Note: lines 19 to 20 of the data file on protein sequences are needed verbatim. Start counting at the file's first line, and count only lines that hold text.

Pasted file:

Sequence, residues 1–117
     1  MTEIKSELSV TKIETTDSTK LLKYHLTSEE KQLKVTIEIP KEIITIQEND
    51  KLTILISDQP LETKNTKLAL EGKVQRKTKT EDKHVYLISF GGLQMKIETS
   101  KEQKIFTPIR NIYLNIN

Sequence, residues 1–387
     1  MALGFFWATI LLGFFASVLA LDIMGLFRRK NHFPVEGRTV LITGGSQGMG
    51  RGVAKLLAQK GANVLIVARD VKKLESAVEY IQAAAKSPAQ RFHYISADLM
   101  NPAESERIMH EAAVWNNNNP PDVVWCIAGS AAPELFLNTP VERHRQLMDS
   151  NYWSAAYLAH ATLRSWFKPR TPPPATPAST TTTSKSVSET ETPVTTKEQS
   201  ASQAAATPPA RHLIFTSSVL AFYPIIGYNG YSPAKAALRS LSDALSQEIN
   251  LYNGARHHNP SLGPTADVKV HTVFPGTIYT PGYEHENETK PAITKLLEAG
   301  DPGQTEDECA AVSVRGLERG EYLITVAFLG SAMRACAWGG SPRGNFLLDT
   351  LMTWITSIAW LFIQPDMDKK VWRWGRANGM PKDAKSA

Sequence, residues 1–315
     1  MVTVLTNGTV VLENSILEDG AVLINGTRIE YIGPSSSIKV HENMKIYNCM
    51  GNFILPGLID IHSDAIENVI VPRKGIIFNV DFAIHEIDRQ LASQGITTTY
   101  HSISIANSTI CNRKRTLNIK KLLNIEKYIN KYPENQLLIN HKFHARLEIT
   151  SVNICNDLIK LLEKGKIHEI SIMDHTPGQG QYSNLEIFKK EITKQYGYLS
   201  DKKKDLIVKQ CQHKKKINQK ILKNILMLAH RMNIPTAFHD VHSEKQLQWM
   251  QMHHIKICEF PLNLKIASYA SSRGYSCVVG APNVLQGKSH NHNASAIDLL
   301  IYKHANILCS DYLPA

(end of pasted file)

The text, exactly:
   201  DKKKDLIVKQ CQHKKKINQK ILKNILMLAH RMNIPTAFHD VHSEKQLQWM
   251  QMHHIKICEF PLNLKIASYA SSRGYSCVVG APNVLQGKSH NHNASAIDLL